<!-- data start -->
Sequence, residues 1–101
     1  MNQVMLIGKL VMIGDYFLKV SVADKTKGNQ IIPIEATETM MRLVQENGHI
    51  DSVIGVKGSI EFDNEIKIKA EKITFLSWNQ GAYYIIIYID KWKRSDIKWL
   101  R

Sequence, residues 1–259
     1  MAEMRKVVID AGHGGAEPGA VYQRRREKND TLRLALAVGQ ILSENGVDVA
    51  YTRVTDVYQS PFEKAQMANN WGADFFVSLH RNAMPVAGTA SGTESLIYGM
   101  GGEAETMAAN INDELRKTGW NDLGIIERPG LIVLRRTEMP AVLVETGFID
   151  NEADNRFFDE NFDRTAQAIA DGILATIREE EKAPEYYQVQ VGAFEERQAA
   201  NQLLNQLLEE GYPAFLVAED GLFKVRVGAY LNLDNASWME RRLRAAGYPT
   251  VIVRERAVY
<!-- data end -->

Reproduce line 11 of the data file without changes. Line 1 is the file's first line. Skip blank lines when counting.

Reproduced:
   251  VIVRERAVY